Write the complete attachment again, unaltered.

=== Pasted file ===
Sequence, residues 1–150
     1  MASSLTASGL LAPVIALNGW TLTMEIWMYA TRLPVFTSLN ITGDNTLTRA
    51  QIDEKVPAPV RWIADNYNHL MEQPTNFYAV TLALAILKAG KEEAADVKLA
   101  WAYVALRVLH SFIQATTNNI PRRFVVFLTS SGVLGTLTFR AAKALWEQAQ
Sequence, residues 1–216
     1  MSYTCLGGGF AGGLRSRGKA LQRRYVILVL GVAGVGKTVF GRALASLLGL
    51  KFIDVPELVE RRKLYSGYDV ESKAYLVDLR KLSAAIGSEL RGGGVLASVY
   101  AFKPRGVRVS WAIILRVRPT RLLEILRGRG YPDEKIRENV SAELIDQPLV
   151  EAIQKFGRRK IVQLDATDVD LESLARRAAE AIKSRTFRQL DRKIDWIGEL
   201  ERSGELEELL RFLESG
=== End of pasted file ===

Sequence, residues 1–150
     1  MASSLTASGL LAPVIALNGW TLTMEIWMYA TRLPVFTSLN ITGDNTLTRA
    51  QIDEKVPAPV RWIADNYNHL MEQPTNFYAV TLALAILKAG KEEAADVKLA
   101  WAYVALRVLH SFIQATTNNI PRRFVVFLTS SGVLGTLTFR AAKALWEQAQ
Sequence, residues 1–216
     1  MSYTCLGGGF AGGLRSRGKA LQRRYVILVL GVAGVGKTVF GRALASLLGL
    51  KFIDVPELVE RRKLYSGYDV ESKAYLVDLR KLSAAIGSEL RGGGVLASVY
   101  AFKPRGVRVS WAIILRVRPT RLLEILRGRG YPDEKIRENV SAELIDQPLV
   151  EAIQKFGRRK IVQLDATDVD LESLARRAAE AIKSRTFRQL DRKIDWIGEL
   201  ERSGELEELL RFLESG